- The Trading Trust: Generally these trading trusts are used by business owners to separate out certain business assets from other types of assets. Basically a trading trust is a business operated by a company in its capacity as a trustee. The trustee company is operating the business for the benefit of the discretionary beneficiaries of the trust. A trading trust can often work in conjunction with a standard family trust which can be a beneficiary of the trading trust. The use of company trustees provides protection of the limitation of liability for the company shareholder. However, directors can still face liability for reckless or fraudulent trading under provisions of the Companies Act 1993. For those whose situations are straight forward and simple, trading trusts are not usually an advantage. For those whose situations are more complex, trading trusts can provide another layer of control for business owners and investors.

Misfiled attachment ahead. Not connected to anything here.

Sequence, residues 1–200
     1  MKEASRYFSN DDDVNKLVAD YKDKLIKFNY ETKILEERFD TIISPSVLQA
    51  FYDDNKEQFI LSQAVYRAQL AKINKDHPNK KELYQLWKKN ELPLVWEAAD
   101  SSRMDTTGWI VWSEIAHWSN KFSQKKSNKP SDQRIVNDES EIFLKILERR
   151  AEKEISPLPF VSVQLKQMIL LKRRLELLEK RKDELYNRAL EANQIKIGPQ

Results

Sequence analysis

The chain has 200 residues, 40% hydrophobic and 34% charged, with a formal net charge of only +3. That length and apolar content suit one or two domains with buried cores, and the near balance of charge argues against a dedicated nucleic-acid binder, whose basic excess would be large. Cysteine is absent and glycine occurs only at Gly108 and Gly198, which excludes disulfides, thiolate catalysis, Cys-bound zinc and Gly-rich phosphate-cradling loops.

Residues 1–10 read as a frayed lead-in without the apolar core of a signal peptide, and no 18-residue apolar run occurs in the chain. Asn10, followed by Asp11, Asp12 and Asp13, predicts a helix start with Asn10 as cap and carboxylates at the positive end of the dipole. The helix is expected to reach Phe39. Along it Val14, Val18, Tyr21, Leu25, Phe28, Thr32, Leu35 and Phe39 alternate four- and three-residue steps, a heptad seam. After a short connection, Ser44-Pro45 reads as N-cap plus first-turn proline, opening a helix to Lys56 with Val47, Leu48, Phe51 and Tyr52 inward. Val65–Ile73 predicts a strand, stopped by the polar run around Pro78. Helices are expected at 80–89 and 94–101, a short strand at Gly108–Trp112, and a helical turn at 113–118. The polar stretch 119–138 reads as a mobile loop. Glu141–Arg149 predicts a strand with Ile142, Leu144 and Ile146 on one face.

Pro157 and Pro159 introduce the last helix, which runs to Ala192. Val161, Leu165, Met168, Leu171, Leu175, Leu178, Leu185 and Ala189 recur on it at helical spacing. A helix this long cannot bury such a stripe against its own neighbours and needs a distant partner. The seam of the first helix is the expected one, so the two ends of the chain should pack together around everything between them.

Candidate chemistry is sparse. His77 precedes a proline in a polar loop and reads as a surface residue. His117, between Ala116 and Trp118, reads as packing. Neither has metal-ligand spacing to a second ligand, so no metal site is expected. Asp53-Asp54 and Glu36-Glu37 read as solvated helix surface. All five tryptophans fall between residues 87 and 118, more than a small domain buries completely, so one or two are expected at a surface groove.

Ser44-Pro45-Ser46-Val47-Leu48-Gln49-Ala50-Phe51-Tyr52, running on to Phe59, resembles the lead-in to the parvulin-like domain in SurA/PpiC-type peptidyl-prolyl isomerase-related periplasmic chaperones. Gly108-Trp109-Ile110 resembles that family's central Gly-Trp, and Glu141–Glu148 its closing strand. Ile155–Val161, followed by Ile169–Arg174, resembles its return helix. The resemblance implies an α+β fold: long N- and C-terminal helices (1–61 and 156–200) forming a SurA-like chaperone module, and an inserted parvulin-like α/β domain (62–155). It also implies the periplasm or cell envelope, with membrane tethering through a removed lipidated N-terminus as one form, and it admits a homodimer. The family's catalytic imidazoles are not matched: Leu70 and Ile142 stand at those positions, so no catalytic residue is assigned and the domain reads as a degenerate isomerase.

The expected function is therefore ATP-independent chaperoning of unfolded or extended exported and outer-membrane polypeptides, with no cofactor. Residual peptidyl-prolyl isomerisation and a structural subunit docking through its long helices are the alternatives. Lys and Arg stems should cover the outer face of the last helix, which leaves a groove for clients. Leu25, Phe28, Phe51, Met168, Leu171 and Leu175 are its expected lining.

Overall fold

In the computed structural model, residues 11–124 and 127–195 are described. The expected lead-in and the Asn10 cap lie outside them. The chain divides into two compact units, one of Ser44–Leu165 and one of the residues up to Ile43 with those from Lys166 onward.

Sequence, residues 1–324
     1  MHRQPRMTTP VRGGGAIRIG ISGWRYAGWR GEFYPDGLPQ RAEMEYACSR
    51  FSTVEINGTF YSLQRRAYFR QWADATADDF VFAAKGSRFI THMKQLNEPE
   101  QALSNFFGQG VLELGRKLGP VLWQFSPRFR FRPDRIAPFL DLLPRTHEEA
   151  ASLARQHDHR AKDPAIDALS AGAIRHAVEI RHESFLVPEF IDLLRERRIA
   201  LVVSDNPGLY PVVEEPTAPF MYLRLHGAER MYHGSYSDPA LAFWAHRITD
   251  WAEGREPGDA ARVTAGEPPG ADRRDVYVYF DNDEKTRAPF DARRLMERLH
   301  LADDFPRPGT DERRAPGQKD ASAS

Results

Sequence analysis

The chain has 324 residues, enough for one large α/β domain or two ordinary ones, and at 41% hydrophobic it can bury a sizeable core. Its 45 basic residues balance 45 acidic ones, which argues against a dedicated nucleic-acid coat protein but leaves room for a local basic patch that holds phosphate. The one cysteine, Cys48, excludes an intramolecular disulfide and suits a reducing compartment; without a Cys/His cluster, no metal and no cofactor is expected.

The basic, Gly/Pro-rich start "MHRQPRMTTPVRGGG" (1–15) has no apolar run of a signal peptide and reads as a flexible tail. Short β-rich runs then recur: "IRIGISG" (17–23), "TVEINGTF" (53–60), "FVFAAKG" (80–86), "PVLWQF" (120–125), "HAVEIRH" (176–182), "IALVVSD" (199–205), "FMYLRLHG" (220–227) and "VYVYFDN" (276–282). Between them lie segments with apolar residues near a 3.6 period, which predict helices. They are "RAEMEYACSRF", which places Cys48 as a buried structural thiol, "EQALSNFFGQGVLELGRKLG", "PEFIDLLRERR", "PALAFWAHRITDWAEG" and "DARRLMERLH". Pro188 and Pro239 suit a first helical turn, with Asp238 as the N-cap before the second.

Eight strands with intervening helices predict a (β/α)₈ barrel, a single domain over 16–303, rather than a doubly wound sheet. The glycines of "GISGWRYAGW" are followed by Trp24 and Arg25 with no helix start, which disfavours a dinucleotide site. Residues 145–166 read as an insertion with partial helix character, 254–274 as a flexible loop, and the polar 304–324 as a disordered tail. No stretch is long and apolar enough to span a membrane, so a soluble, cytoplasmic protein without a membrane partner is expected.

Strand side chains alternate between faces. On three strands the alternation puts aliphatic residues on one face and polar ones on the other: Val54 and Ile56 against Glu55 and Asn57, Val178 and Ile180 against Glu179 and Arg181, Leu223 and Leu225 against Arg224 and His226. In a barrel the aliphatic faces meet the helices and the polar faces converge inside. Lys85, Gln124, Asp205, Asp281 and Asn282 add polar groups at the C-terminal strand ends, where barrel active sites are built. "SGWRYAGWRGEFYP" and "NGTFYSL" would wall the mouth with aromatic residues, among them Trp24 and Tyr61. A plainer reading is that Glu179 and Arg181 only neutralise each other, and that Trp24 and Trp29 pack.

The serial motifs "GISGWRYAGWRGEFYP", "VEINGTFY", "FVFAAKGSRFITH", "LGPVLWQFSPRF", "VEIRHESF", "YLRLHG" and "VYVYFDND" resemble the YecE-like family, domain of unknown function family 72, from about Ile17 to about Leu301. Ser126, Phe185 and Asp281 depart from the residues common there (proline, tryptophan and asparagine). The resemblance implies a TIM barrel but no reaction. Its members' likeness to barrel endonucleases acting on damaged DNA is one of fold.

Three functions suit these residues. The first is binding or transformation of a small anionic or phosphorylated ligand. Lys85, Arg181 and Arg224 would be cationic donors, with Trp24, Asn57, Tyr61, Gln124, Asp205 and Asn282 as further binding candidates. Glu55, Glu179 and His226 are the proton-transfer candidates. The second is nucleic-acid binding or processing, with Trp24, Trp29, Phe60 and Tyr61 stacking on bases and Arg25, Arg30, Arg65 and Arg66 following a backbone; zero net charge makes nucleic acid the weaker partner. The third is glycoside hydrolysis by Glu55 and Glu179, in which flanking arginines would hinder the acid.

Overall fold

- The Joint Tenancy (or Joint Ownership): The main aspect of joint tenancy is that the survivor is entitled to ownership of the deceased’s share in the property when one owner dies. This can be a simple planning tool to help with the protection and disposition of an asset and is commonly used by husbands and wives whereby a husband and wife may intend to own the property equally and pass their share to the survivor on “beam up” day. As well as being simple to execute, it is usually cost effective as well.
- The Tenants in Common: This approach allows for owners to hold a distinct proportion of a property. There is no requirement that a tenancy in common must result in equal shares of ownership. One person therefore can hold ownership in a greater proportion than another. The simplicity of the tenants in common structure means that owners are able to pass on their share in a property easily in accordance with the terms of their will.